Onward! 1877-1913


The nineteenth century was marked by the collapse and rise of empires in Asia and Europe. The Spanish; First and Second French Empires; Chinese; Holy Roman, and Mughal empires declined,  giving way to new countries and governmental styles.   The British, German and Russian empires became leading players while the United States of America and Japan were gaining status. Latin American colonies and old countries, like Poland and Ireland, erupted in struggles to regain their autonomy.


It was also the century of industrialization; capitalism; demographic explosion (Europe's population doubled from 200 million to more than 400 million); migration to the cities; rapid travel via railroad. New government structures that allowed broader participation were created . Public opinion became a social force. Advances in medicine and the sciences offered hope for a better life. The invention of electricity, telegraph, radio, and telephone initiated an era of instant communication. Meanwhile, social injustice, horrid working conditions, and the employment of children in mines and factories were prevalent. Slavery, although almost universally abolished by law, still influenced many hearts and minds.


EmilieOur congregation, born in 1856 under the inspiration of Emilie d'Oultremont  d'Hooghvorst, was a child of those times. For over 22 years Emilie lived and promoted its foundational principle: love and generosity expressed in a life devoted to reparation-reconciliation with Mary. After her death in Florence on February 22, 1877, the first SMR General Chapter was convened in Rome on May 29, 1878. On June 1, Mother Marie de Saint Maurice, née  Berthe Blanche Goulet, was elected General Superior of the congregation. Re-elected in 1890 and 1902, she died in Liège on October 8, 1913.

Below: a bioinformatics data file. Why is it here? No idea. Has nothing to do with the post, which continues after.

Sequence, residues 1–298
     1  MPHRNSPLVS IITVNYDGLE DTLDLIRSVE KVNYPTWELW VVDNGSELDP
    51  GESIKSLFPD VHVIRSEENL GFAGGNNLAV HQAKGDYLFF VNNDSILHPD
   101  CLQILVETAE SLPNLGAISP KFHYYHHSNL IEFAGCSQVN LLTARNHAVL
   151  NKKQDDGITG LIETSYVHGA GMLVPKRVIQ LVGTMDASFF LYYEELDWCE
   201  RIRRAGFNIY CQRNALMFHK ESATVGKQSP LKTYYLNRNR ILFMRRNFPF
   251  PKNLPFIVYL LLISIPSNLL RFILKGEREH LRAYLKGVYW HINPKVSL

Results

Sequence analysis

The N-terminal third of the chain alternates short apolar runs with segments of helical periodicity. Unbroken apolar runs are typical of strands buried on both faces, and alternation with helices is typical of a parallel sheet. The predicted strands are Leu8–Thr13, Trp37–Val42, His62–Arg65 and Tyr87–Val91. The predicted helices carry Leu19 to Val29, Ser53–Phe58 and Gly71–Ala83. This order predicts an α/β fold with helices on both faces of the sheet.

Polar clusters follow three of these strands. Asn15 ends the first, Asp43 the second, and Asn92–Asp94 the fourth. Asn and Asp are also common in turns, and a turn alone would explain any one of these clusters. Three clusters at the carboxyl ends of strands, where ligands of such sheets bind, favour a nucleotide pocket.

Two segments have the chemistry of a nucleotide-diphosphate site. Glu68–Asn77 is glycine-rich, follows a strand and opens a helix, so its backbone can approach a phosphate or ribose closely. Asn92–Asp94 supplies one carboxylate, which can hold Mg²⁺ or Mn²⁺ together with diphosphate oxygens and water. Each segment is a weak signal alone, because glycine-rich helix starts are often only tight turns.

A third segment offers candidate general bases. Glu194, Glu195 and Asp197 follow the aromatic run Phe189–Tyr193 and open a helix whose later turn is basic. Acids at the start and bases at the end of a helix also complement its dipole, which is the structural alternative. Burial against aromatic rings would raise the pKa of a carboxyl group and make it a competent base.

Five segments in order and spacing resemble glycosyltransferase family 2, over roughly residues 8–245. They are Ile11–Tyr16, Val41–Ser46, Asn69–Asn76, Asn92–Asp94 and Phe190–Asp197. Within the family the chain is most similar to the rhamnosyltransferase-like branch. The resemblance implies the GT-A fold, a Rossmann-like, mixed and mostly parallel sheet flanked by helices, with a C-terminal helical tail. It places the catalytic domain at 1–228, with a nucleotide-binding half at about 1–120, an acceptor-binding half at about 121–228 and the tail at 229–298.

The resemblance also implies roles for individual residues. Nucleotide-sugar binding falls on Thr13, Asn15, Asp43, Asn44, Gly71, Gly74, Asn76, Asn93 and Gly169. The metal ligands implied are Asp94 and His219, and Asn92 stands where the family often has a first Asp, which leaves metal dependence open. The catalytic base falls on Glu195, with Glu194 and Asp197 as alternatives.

Two Popes spanned the transition between the 19th and the 20th century. The first of these, Leo XIII (1878-1903), is especially remembered for  Rerum Novarum (1891) the first social encyclical. Recognizing the changing times, he promoted the renewal of theological and biblical studies and used diplomacy to strengthen  relationships between the Vatican and new political realities. Pius X (1903-1914) accomplished important changes within a short period of time: the creation of a new code of canon law; frequent reception of the Eucharist; reception of the sacrament by children at the age of reason; emphasis on education and spiritual growth of the clergy and participation of the laity in apostolic activities such as Catholic Action.


During the first decade of the 20th century, 28 dioceses were created, primarily in the United States, Brazil and the Philippines as well as 16 Apostolic vicariates and 15 Apostolic prefectures. Religious congregations multiplied in response to global needs. At the same time, religious indifference began to be all too prevalent among  European Catholics.


Our congregation was certainly influenced by the socio-political-economic changes taking place, and by the  Church's responses to those realities. Maybe it was the deeper sacramental life, or maybe it was the response to the call to lay apostolic ministry, or it could have been the emphasis on social justice and the plight of the poor, or maybe it was the pervasive optimistic and transformative spirit of the times,  but whatever the reason, the fact is that during the thirty-five years when Marie de St Maurice was General Superior, the congregation increased from 334 professed sisters in 1877 to 1,308 in 1912 and from 17 communities to 51.


                                                        Concepcion Gonzalez